Reporting Pilot Financial Remedies

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Established practices of confidentiality in family financial remedy (FR) cases are being challenged by recent judicial opinions, suggesting a shift towards greater transparency. Exceptions to the general rule of non-reporting are identified, highlighting evolving attitudes towards media reporting and legal blogging in such cases. The Mostyn J. thesis questions the traditional approach to anonymity in judgments, advocating for a reevaluation of public interest considerations.


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Reporting Pilot Financial Remedies

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  1. REPORTING PILOT FINANCIAL REMEDIES December 2023 Peel J 1

  2. The long-established practice For decades, the working assumption has been that FR cases are confidential. There are three basic foundations for this assumption: 1. By FPR 27.10, FR proceedings (along with almost every other category of family proceedings) will be held in private . 2. The implied undertaking of confidentiality explored by the Court of Appeal in Clibbery v Allen [2002] Fam 261 and Lykiardopulo v Lykiardopulo [2011] 1 FLR 1427. 3. The Judicial Proceedings (Regulation of Reports) Act 1926. 2

  3. Media/legal bloggers attendance FPR 27.11 and PD27B permits the attendance of accredited media and authorised legal bloggers at hearings held in private (including FR) since 2009. Journalists require a press card. Legal bloggers are expected to produce ID and Form FP301 (or a letter from their appropriate institution) confirming that they are qualified lawyers attending for journalistic, educational or research purposes. The working assumption has been that the media/legal bloggers cannot report without permission of the court, and proceedings are confidential. 3

  4. Exceptions to the usual rule of non-reporting There are exceptions to the general rule against reportability and confidentiality, per Tsvetkov v Khayrova [2023] EWFC 130 para 117: (i) Litigation misconduct; e.g. Lykiardopulo. (ii) Where anonymisation would be effectively impossible because of the prominence of e.g. the parties, as in McCartney v Mills McCartney [2008] 1 FLR 1508. (iii) Where material in the financial remedy proceedings is already in the public domain; Crowther v Crowther [2021] EWFC 88 (iv) Where one or both parties court publicity. 4

  5. The Mostyn J thesis (1) Mostyn J has expressly stated in a series of cases that this long held practice is wrong and unlawful; BT v CU [2021] EWFC 87 A v M [2021] EWFC 89 Xanthopoulos v Rakshina [2022] EWFC 30 Gallagher v Gallagher [2022] EWFC 52 5

  6. The Mostyn J thesis (2) The starting point is that the media/legal bloggers are entitled to report. Per Xanthopoulos v Rakshina [2022] EWFC 30 at para 128: The fallacy lying at the heart of current practice, which seems to be ingrained, is that the wrong question is invariably asked when it comes to anonymising a judgment The correct question is not: "Why is it in the public interest that the parties should be named?" but rather: "Why is it in the public interest that the parties should be anonymous?" 6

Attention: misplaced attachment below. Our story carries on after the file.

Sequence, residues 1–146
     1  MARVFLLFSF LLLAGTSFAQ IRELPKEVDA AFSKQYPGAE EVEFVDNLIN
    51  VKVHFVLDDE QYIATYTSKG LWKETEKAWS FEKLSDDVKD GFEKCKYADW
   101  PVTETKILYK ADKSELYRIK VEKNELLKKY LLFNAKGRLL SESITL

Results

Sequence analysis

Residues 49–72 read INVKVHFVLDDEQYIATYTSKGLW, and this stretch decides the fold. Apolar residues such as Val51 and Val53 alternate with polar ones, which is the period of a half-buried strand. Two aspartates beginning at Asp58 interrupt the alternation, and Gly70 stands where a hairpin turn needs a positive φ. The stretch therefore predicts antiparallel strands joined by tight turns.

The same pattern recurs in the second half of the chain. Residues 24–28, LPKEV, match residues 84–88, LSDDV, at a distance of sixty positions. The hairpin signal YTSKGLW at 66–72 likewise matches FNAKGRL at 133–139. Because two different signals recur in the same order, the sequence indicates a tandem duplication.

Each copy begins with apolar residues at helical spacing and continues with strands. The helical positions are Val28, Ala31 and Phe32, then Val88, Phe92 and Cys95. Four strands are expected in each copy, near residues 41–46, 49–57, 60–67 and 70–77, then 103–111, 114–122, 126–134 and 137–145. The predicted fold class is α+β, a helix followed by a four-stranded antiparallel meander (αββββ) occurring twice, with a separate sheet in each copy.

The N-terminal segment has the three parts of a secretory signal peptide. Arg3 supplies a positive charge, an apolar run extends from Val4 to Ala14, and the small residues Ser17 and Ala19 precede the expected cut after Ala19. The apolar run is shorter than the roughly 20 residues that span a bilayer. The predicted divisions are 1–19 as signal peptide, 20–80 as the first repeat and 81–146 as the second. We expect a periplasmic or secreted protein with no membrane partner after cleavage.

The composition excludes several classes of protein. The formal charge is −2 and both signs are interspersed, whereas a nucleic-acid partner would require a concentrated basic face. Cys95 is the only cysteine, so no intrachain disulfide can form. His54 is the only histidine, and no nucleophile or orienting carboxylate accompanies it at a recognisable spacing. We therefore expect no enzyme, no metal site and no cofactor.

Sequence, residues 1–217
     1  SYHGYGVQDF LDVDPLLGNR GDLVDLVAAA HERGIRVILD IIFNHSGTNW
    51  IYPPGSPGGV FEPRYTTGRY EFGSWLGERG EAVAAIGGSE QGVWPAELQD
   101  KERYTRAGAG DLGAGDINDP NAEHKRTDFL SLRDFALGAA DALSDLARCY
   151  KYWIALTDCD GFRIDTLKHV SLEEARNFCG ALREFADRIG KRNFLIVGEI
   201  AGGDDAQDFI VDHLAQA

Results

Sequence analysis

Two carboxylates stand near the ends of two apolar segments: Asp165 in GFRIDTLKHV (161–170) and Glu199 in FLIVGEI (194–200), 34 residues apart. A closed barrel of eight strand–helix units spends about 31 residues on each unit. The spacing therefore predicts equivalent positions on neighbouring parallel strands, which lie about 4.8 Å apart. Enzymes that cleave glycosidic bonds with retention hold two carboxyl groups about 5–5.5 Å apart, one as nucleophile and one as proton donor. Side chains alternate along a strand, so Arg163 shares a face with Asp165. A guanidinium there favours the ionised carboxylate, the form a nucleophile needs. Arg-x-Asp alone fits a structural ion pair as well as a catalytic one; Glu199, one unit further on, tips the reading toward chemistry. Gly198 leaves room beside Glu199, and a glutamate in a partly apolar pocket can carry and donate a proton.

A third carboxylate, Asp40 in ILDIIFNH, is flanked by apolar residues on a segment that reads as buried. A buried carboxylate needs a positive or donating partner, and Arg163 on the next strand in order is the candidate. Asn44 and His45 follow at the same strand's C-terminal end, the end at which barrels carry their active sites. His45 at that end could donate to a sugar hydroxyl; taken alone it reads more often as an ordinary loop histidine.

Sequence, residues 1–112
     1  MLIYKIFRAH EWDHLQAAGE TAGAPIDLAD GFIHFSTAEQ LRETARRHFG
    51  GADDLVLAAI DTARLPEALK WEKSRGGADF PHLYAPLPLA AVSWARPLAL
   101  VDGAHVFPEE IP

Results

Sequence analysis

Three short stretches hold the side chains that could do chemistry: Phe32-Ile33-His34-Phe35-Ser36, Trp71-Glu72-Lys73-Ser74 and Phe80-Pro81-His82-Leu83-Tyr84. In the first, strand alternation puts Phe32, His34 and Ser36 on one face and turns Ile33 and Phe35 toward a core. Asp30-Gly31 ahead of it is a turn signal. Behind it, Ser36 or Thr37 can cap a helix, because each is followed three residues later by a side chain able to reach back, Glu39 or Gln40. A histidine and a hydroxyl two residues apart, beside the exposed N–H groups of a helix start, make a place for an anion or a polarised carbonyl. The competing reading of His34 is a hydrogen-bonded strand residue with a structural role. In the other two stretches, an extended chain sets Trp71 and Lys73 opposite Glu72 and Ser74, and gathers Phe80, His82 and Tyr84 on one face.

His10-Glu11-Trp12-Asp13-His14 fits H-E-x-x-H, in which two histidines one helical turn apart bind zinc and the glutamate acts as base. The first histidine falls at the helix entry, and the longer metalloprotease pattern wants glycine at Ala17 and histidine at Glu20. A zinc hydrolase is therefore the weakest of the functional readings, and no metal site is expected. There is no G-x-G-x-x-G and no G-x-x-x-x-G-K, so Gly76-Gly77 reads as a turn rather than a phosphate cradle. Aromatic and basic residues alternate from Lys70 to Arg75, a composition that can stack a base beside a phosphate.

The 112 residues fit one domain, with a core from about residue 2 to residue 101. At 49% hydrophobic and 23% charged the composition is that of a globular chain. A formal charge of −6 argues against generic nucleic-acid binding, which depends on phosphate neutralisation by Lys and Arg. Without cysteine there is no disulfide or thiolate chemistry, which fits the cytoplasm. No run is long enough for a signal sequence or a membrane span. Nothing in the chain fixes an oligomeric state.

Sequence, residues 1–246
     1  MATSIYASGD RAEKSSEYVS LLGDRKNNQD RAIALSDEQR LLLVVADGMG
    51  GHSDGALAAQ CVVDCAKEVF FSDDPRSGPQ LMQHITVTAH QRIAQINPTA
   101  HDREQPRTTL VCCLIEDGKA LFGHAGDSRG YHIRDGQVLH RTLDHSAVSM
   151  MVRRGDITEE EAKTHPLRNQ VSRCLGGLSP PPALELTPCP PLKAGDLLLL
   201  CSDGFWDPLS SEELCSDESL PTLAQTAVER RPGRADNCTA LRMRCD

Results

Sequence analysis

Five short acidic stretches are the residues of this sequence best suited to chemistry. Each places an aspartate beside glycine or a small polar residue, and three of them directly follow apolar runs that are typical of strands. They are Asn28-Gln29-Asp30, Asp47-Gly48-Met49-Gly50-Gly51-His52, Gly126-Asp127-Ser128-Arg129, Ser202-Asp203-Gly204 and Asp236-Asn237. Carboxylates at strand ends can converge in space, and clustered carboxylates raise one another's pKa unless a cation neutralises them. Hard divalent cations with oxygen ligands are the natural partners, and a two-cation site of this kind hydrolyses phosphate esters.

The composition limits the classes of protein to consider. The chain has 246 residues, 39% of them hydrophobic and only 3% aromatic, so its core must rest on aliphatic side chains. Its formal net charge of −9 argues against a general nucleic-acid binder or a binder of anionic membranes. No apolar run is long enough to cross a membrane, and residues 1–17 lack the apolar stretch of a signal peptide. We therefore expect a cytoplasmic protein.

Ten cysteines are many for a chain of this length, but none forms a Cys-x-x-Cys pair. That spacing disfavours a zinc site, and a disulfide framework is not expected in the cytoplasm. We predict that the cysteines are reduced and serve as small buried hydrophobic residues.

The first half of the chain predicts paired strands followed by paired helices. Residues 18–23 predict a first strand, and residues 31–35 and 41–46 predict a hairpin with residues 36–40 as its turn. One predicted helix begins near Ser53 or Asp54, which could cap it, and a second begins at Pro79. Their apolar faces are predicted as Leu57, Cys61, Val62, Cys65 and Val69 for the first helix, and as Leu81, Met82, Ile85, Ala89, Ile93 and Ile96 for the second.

7. Events since the promulgation of these judgments Peel J and HHJ Hess (National Lead and Deputy Judges of the FRC) issued a Notice dated 13 May 2022 inviting any judge confronted with a transparency issue arising out of Xanthopoulos, to refer any such issue to Peel J for consideration. No referrals have been made. The practice of confidentiality and anonymity has continued in the High Court, save where one of the well recognised exceptions applies. 7

  8. Re S The Intense Focus on the balancing exercise as between Articles 8 and 10: Re S [2004] UKHL 47 8

  9. The Farquhar Group Report April 2023 (1) In January 2022 the Group was commissioned to consider transparency in FR proceedings within the overall Transparency Implementation Group In children s cases, a pilot has scheme has been running since January 2023 in Cardiff, Leeds and Carlisle. It is being expanded in January 2024. The essence is to permit the media/legal bloggers to publish an account of what takes place in court provided that anonymity and confidentiality are preserved 9

  10. The Farquhar Group Report April 2023 (2) The Farquhar Group included judges, barristers, solicitors, and representatives of the media and legal bloggers. It received 585 consultation responses. It analysed the approach in 7 overseas jurisdictions. It considered the practice in Chancery, KBD and Court of Protection. The final report is 164 pages long. It includes recommendations as to the way forward, and a guidance note for professionals and judges. 10